2020 is a year we don’t like to think about, but it will be a year we’ll never forget. 2020 was defined by the arrival of a bevy of black swans. The world suffered its first global pandemic in over 100 years, sending the economy to its most severe quarterly slide in history. The 10-year Treasury note yield plunged to its lowest level on record, 0.35 per cent. Crude oil prices cascaded into negative territory, an unfathomable concept, for the first time ever. The VIX, the market’s volatility index, spiked to its highest level in history. The S&P 500 posted its best November ever.

Economists’ predictions were so off base this year they made political pollsters look prescient. Part of the problem: economists like to use history as a guide and they had to dial back to the 1918 Spanish Flu pandemic to find the closest comparison. Their forecasts were overly optimistic leading into the pandemic, then turned sharply negative once the global pandemic was declared, overshooting reality on both sides. All told, the US economy shrank the most in modern history through H1, plunging more than 10 per cent year on year. While it rebounded in Q3, activity remained roughly in line with the bottom of the financial crisis. Growth is expected to continue through Q4, although the US economy is likely to usher in 2021 3.5 per cent smaller.

Spending, like just about everything else this year, was influenced by stay-at-home orders and other pandemic-related safety measures. Personal consumption flowed toward goods, which were up 8.6 per cent for the year through October, and away from services, which were 8.3 per cent lower. The biggest exception was community relief services: spending on social services rocketed 60 per cent this year to help support those suffering from unemployment. Demand for games, software and recreational vehicles surged more than 30 per cent as households found new ways to adjust to social distancing. Demand for exchange-listed equities surged as well; perhaps would-be sports gamblers, without spectator sports, turned their attention to day trading. Travel, unsurprisingly, plunged more than 90 per cent, while spending on spectator sports wasn’t far behind.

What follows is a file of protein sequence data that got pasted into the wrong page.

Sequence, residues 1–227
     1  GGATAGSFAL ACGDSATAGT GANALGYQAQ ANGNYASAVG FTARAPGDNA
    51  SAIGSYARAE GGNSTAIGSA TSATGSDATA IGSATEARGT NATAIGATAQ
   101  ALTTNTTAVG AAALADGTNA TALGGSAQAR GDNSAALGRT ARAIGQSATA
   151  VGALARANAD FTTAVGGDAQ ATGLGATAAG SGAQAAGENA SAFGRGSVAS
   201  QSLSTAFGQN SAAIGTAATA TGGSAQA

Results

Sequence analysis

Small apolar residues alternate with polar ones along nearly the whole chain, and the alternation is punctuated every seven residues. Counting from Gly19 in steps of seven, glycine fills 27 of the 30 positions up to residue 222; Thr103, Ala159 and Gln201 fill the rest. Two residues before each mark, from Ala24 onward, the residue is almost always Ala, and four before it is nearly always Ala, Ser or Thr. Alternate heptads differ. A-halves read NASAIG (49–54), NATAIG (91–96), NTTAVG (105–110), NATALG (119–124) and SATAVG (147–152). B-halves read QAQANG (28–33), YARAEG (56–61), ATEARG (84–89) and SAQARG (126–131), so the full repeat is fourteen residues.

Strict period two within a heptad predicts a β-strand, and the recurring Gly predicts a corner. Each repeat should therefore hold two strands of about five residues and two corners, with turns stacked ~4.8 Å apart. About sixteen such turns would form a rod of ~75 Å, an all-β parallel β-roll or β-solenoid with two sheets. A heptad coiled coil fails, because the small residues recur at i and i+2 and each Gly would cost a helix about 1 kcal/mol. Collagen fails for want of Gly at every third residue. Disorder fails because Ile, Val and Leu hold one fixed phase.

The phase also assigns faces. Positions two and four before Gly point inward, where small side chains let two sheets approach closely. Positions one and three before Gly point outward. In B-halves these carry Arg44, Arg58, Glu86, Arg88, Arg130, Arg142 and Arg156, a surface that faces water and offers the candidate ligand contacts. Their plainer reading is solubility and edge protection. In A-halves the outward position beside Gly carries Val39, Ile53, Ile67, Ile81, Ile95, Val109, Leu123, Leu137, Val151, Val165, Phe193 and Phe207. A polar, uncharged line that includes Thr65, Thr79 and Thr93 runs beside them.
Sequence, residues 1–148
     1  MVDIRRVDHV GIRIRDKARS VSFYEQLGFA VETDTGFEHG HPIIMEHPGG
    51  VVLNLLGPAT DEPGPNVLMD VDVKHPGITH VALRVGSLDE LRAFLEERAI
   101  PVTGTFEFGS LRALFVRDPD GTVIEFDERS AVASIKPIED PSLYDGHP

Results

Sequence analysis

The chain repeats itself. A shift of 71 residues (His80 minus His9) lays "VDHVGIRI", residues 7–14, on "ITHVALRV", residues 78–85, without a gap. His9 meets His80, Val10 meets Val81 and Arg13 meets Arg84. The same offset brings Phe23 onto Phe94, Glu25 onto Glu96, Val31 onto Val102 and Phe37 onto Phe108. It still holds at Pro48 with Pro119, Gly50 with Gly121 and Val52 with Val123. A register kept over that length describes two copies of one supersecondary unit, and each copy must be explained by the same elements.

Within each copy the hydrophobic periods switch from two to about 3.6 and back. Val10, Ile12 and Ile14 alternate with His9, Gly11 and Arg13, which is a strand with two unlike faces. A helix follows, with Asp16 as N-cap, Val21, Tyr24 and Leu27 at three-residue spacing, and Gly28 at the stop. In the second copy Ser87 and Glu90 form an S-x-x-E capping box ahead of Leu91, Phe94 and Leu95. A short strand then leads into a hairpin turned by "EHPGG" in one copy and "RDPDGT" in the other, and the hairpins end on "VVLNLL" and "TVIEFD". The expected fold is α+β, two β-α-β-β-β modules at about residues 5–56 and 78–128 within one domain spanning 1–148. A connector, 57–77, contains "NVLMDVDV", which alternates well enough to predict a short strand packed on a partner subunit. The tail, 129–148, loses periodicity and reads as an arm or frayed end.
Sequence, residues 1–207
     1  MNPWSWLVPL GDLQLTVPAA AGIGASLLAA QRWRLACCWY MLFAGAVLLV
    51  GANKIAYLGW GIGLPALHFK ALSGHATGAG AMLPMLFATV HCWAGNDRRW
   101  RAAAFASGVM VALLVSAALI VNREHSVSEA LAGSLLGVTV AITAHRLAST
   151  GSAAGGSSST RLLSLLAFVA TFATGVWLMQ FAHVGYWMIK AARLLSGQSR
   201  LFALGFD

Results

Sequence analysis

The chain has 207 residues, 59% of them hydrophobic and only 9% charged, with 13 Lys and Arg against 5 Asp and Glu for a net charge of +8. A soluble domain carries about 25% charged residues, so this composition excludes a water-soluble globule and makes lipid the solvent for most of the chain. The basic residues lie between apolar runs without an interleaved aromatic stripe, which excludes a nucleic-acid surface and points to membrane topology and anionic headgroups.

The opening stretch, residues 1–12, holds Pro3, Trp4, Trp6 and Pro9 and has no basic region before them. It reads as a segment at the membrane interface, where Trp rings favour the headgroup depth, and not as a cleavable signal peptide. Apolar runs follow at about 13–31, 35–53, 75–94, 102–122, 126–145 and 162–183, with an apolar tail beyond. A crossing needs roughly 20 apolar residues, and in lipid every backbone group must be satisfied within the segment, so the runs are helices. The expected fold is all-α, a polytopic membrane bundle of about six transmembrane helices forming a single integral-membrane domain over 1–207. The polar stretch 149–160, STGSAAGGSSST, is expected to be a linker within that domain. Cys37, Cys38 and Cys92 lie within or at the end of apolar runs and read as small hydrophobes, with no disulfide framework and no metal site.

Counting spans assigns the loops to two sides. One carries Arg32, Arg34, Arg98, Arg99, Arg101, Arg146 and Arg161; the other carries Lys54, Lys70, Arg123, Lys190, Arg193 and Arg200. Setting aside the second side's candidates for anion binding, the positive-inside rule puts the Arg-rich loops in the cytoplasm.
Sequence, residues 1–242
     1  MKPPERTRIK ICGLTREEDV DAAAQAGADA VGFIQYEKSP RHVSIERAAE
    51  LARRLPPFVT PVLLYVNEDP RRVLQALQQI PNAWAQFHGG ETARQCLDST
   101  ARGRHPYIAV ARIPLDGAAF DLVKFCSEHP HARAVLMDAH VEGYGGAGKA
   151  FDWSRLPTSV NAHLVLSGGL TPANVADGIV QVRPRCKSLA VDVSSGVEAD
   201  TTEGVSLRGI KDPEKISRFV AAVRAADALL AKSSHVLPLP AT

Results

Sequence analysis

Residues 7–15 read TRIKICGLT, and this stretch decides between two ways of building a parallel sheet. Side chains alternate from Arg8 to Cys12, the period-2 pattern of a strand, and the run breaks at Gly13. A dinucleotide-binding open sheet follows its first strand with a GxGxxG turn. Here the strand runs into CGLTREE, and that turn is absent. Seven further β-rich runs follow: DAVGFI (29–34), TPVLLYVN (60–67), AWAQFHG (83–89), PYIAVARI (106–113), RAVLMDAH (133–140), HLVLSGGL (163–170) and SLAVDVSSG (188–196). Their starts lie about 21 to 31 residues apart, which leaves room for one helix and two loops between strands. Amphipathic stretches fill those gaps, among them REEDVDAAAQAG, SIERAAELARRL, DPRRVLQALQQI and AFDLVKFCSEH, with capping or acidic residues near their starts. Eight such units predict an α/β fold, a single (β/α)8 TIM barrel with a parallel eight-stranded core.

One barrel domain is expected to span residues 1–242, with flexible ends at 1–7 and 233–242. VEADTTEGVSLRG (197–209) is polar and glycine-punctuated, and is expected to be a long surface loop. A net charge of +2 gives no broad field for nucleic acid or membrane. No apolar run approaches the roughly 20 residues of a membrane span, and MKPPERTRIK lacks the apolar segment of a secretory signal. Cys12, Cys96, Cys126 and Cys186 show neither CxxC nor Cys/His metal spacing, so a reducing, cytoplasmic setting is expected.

Strategists were probably as surprised as economists with the outcome of the 2020 equity markets.  Traditional market strategies didn’t work. The Dogs of the Dow, which selects the highest-yielding Dow stocks at the beginning of each year, had delivered admirable returns over the years. The Dogs were indeed dogs this year, though. They underperformed the Dow Industrials by more than 15 percentage points. The “Sell in May and go away” strategy would have missed out on the 13 per cent May through October gain.

Investors raced for the lifeboats when the global pandemic was declared. They clamored for large, high-quality companies. The highest-capitalization quintile of the S&P 500 outperformed the smallest cap quintile by nearly 32 percentage points for the year. Valuation as a metric in 2020 was as useless as concert tickets. The highest-priced stocks relative to cash flow outpaced their cheapest counterparts by over 40 percentage points. Dividends were similarly disregarded: the highest-yielding stocks in the S&P trailed the non-yielders by 42 percentage points.

Despite the fact that the cards were dealt from the bottom of the deck this year, the Cresset investment team played our hand pretty well. We kicked off 2020 with a 15 per cent cash cushion, thanks to the market’s rich valuation last year. Those proceeds were redeployed back into equities in March, when we recognized that the volatility-inspired plunge was overdone due to risk parity and other hedge fund sellers. Our team built the Cresset Quality 50 portfolio, a separate account of 50 high-quality companies insulated from the vagaries of the pandemic. Our strategy substantially outperformed US large caps.

2020 is a year for the history books – and that’s a good place for the year of the pandemic to stay. Here’s to 2021. Cheers!


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